If someone is disinclined to be charitable towards games that are, in their view, not that good (and being charitable up to a point seems only reasonable - how else is any community expected to thrive? You don’t say “this is bad”, you say "this could be improved in the following manner), then that person will start conflating the tool with the game. Worse, that person will start conflating the whole design ideology with the game. Add in the fact that the tool we’re talking about is very easy to use, which increases the likelihood of any given game being someone’s-first-effort-and-it-really-shows…

I can say that I understand that person’s point of view, and I can even agree with many isolated points (I’m not nearly into CYOA/Twine as I am into the parser). But I can not agree with, nor condone, the overall attitude and the hasty, destructive conclusions. In fact, I react to that person the same way I react to a game that I feel isn’t good: if I have nothing constructive to say either way, I move away.

I guess my point is: don’t let it get to you. You can’t live other people’s lives for them, you can’t broaden their horizons when they’re clamped shut. Move away from destructive feedback. Focus on constructive feedback, even if it is negative.

The nameless person in question had a choice, and they chose to play that game knowing their biases. They then chose to post a review. You can then choose to ignore that review as biased, or mark it unhelpful. Reading more than that into it, trying to make sense of the destructive review… it may be a trip down a conversation hole you don’t want to get into.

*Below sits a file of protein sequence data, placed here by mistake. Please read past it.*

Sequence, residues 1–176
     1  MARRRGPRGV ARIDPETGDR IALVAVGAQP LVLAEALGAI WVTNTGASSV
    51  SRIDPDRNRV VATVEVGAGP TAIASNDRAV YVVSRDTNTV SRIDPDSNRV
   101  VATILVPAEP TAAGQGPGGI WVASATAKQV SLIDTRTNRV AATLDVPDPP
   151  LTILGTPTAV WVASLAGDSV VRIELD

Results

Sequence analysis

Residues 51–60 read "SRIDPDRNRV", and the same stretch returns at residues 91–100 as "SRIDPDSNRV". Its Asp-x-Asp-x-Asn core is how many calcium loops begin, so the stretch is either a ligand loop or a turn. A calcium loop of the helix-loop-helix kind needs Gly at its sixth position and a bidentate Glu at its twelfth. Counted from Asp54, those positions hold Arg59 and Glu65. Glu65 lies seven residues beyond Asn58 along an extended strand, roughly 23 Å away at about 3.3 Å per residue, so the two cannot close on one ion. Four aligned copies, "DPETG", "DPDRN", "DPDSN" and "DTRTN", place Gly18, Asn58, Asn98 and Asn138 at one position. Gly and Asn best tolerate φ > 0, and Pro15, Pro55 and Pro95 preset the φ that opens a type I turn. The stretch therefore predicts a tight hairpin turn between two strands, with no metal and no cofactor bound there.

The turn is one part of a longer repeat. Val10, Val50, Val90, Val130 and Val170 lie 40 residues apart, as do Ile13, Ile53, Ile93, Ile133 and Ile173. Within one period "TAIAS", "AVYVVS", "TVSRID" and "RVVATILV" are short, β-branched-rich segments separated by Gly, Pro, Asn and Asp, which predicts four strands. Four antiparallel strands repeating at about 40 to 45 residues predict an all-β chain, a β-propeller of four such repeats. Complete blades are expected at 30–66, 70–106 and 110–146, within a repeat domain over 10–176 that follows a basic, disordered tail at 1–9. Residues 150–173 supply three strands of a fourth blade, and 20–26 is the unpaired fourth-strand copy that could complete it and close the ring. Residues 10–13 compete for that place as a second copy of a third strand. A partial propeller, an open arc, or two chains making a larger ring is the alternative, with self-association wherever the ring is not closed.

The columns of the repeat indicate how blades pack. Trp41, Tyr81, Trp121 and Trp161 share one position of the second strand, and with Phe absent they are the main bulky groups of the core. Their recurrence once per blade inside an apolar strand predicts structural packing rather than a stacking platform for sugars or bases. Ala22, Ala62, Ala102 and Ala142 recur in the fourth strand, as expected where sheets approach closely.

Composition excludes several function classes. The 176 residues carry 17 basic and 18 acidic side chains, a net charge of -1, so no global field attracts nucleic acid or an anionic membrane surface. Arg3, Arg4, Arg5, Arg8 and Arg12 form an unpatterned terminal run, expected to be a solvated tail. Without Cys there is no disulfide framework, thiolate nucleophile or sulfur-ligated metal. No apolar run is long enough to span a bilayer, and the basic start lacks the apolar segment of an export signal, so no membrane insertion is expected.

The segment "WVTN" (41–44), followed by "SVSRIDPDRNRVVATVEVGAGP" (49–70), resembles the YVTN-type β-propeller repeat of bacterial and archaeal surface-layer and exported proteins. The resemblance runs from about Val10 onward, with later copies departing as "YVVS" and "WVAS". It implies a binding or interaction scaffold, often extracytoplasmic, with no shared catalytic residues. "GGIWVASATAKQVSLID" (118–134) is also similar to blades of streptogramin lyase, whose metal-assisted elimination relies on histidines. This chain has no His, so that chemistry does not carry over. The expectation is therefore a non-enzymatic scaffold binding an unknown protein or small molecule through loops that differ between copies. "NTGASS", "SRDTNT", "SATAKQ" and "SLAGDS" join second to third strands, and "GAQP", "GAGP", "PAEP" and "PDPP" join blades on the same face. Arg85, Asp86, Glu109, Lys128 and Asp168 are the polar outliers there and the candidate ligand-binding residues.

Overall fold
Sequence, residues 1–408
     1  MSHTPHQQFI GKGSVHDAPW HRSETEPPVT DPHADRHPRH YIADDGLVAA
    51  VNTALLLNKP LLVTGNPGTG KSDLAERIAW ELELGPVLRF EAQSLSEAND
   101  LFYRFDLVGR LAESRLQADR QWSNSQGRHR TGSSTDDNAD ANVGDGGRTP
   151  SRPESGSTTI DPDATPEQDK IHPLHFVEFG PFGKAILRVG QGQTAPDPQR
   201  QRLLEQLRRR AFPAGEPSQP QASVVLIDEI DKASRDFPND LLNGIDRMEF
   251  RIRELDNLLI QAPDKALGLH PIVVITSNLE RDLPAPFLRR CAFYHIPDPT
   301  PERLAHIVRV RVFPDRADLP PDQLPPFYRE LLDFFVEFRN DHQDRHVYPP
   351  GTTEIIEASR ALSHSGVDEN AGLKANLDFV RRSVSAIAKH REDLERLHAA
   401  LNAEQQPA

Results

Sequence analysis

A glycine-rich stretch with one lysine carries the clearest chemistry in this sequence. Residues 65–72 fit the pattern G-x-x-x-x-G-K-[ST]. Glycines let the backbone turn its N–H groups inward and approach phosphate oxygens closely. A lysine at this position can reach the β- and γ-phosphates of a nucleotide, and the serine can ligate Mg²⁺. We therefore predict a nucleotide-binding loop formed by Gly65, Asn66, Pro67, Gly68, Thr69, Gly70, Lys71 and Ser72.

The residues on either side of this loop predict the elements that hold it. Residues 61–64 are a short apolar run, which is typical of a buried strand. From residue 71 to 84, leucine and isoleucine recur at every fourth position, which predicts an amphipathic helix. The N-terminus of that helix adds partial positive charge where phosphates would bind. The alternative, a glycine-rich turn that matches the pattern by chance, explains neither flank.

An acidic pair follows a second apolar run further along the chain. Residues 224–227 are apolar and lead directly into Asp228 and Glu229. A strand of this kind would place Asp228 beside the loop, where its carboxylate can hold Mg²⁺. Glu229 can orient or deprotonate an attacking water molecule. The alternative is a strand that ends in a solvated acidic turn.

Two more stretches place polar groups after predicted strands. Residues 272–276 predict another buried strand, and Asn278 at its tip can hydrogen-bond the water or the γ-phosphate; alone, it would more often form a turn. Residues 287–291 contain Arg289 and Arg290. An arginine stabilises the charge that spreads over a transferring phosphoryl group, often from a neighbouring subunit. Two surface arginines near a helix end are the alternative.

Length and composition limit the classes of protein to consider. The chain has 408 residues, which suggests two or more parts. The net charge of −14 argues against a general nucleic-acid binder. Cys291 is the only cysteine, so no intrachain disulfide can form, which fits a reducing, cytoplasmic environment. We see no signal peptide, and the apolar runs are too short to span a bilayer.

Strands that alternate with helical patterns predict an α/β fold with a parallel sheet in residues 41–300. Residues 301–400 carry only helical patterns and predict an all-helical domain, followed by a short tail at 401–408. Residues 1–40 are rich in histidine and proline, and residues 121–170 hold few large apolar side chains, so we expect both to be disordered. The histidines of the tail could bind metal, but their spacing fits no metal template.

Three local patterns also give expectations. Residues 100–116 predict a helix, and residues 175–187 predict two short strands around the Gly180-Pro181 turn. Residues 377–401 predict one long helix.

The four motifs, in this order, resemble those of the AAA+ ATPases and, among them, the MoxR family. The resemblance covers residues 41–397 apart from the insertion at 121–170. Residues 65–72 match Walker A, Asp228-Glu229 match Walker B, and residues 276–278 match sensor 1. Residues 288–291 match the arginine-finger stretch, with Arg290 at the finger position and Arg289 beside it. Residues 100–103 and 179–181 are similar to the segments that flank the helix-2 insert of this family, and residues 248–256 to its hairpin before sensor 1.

You’re absolutely right on all these counts.

Interactive fiction is undergoing a spectacular renaissance right now, and part of that renaissance is the kaleidescopic reimagining of what interactive fiction can be.

Although some people are excited and enthusiastic about this reimagining, there will always be others distressed by change, especially when that change can be construed as criticism (or may even be criticism) of things they love.

Fortunately, most people recognize that “hey, have you tried cherry pie, it’s awesome!” does not have an addendum of “also apple pie is garbage pie that belongs in the garbage”. Even “sometimes apple pie is mushy and unpleasant” does not mean “apple pie is garbage pie that belongs in the garbage”.

Which is a good thing, because when more people bake more pie, we all profit.

I love cvaneseltine’s response. Perfectly said, and nothing more to add than that.

Except to echo that all benefit from more pie… or games – player AND creator alike. I love that there are more games to play, and diverse games that aren’t the same old same old. I also love that there is room for all games out there, and that well made games will find their audience and that more people (as of late) have been jumping into the act of creation.

I wrote a lot more than I thought, thanks for responding guys.
I think the pie analogy works great. That’s how I try to view it…I love the look of Boston Cream pie but then I try it and it’s not my cup of tea, but I respect it. But I love sweet potato pie…and some people hate pie and love cake. It’s all a matter of preference, though I do think for the most part their are times someone burns the hell out of a pie and we can almost all go “Nope. That isn’t good try again.”
The important thing is there is pie, and all kinds of pie, for every person. Best of all I could try your version of blueberry pie and you could try mine and we’d taste two equally yummy and very different things.
Also I want pie now. (Oh my lord I haven’t had chocolate cream and pecan crisp pie since I was a kid I may make it)

Eh yeah that guy doesn’t bother me, so much as I was legitimately trying to understand his point of view just to gain understanding and found he really…didn’t know how to review something he personally disagreed with. At this point I’m bothered by him. I think what bothered me was the assertion that text games needed official scores, and stats and such to be visible to the player…which is a bit odd,